“A Mentor for Life:” Andrea Marston and Jean Lebel on Mentorship at the Foundation
“I’m sure that other scholars feel the same way I do, about their own mentor,” says Andrea Marston. “But I really feel that mine’s the best.”
Andrea Marston was awarded a Pierre Elliott Trudeau Foundation scholarship in April 2014. Her scholarship application, written in the fall of 2013, states her career goals unequivocally: “My aim is to work as a university professor in a Canadian institution in order to relate community reactions to resource extraction in Latin America to those in Canada.” By the time the Foundation assigned Andrea a mentor, though, she had become curious about non-academic opportunities as well. And Jean Lebel responded whole-heartedly.
The moment that the Foundation emailed to pair him with Andrea, Jean kicked off the relationship by skyping Andrea in Bolivia, where she was doing fieldwork, to discuss her expectations and what he might contribute. Andrea’s first request was immediate: to help her publish an op-ed on Bolivia’s referendum in the Toronto Star or The Globe and Mail. As Jean probed further, though, it became evident that the audience Andrea wanted to reach was elsewhere.
A few drafts later, mission accomplished: Andrea’s first op-ed, published in Embassy – the periodical of choice for many of Canada’s politicians, diplomats, political staff and spin doctors – in February 2016.
Now that Andrea’s name was on the Ottawa radar, the next step was to introduce Andrea to contacts who could help her think about empirical problems in her field from different perspectives. As the president of the International Development Research Centre (IDRC) – a Canadian Crown corporation that funds research in developing countries to reduce poverty and promote growth – Jean set up a two-day curriculum of meetings with actors from Global Affairs Canada, the International Institute for Sustainable Development, the Mining Association of Canada, the Prospectors and Developers Association of Canada, and the Canadian subsidiary of an international producer of nickel, zinc, aluminum, and steel.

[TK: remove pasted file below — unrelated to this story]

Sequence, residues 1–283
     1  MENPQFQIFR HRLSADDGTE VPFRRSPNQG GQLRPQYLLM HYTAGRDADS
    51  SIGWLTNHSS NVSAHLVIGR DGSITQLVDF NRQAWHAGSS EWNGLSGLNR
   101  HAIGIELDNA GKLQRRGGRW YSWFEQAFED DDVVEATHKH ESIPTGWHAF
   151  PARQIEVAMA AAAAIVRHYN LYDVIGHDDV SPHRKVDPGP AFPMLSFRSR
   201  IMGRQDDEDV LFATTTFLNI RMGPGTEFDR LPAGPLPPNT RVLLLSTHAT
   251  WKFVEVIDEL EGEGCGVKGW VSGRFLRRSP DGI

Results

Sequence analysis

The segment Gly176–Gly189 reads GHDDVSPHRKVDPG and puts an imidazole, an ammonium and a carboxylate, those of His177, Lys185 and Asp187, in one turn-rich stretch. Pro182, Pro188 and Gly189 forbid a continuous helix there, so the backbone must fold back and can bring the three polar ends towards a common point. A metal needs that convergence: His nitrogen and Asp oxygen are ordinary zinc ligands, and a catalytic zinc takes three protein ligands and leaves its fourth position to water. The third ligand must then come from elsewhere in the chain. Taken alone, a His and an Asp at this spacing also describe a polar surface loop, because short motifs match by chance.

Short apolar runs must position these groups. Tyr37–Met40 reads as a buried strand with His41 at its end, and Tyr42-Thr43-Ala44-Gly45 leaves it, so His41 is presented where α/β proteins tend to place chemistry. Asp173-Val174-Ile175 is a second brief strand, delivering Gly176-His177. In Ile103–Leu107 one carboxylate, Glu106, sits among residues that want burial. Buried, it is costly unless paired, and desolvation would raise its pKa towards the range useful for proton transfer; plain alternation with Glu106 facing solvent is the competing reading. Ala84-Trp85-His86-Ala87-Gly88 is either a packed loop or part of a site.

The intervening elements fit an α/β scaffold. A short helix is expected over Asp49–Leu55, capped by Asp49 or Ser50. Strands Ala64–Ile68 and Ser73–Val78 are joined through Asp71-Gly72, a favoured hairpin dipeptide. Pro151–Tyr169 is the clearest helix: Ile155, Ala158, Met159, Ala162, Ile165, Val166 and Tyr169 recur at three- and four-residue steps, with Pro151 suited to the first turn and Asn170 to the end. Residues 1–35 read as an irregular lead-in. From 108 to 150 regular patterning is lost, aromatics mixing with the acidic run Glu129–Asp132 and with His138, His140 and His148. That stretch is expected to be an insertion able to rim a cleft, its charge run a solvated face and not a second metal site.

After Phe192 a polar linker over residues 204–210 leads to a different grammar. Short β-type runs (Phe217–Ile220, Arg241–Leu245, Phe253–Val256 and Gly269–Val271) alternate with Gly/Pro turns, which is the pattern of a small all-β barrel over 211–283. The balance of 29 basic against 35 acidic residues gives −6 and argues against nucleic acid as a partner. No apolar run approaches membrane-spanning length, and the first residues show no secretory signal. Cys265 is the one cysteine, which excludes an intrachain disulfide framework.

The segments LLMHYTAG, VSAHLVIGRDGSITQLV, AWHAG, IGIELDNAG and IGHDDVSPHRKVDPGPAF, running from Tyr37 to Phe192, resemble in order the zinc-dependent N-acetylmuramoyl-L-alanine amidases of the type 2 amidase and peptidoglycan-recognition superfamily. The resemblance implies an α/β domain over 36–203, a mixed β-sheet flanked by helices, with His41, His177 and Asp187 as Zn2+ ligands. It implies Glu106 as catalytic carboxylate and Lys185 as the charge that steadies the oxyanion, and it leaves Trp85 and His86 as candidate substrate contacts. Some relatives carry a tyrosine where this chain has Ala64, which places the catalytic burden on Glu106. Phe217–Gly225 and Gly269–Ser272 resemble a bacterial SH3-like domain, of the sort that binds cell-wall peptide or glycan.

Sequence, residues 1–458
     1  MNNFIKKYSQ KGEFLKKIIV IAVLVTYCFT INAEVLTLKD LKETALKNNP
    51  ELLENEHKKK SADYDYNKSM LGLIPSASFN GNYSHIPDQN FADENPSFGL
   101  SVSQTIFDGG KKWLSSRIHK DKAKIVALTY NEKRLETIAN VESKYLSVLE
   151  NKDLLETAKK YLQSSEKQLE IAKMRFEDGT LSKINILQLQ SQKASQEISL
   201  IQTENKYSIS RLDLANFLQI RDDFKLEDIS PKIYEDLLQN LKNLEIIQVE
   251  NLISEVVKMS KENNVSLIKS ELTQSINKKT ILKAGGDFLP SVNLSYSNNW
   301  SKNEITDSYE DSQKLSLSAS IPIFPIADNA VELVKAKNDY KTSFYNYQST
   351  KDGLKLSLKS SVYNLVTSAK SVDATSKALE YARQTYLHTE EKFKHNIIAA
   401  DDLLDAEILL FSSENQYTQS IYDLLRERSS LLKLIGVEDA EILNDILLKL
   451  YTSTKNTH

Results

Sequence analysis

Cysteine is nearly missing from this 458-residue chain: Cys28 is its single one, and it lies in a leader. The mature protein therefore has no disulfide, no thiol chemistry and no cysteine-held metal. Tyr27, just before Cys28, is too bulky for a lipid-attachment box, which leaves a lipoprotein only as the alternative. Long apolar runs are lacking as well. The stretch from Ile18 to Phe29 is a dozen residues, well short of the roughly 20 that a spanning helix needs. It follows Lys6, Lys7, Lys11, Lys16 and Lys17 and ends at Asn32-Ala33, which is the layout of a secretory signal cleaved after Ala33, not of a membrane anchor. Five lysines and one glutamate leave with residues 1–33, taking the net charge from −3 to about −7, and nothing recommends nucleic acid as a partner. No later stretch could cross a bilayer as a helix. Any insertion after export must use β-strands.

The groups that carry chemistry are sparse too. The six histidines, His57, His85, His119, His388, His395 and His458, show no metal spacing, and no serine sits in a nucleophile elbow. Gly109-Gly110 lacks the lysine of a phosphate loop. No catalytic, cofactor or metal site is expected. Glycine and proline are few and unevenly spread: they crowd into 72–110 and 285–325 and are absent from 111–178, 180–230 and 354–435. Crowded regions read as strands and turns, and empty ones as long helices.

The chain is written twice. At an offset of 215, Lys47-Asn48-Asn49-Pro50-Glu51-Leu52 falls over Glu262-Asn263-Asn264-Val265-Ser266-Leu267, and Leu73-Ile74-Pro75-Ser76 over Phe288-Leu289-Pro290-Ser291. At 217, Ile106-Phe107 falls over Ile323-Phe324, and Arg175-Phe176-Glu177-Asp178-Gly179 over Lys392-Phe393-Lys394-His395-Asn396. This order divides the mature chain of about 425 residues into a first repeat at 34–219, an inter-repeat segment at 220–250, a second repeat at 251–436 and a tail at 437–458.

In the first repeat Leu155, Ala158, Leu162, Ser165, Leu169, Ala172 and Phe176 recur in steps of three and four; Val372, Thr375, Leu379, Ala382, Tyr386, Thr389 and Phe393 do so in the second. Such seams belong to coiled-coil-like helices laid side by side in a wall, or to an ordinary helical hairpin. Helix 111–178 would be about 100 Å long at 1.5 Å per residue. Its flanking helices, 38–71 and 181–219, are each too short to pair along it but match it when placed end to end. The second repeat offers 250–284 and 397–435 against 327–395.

“It was the most incredible experience,” says Andrea. “I had told Jean that I was interested in learning more about foreign affairs, and he set up meetings with some of the most knowledgeable people he could find. A lot of mentors don’t think of their role in that way: they cultivate a one-on-one relationship with their mentees. But Jean took advantage of the latitude offered to him by the Foundation. He wanted to make it into a didactic mentorship, and that’s what he did.”
But Jean wasn’t satisfied. In November 2017, another two days of meetings followed, this time with the former head of the Canadian International Development Agency and with key individuals at the University of Ottawa, the Ministry of International Development, and the Global Centre for Pluralism. Some of the people Andrea met with advised her on career options; others forwarded her CV. One institution brought her on board its Bolivian research team. Andrea also spent a few hours shadowing Jean at the IDRC.
Two months later, Andrea is working hard on her dissertation and still intends applying for academic jobs. But Jean’s mentorship showed her that working on research and policy – what she calls a “dual reality”— can be possible, too. That’s where she sees her future.
And Jean’s future as a mentor?
“I told Andrea at our last meeting that even though my official mentorship period is now over, a mentor is a mentor for life,” says Jean. “Andrea’s dissertation is not my business – although you can be sure that I will start hounding her to finish it soon! – but anytime she wants to think through a problem with me, I am here.”
What Jean doesn’t mention is how many times he had “been here” for other scholars, too. From accepting “book-a-mentor” appointments with five or six scholars at the Foundation’s last Summer Institute, to hosting scholars’ workshops and Foundation meetings at the offices of IDRC, Jean is never shy to offer his help.
And somehow that seems to be just what the Foundation – and its scholars – needs most.
25 January 2018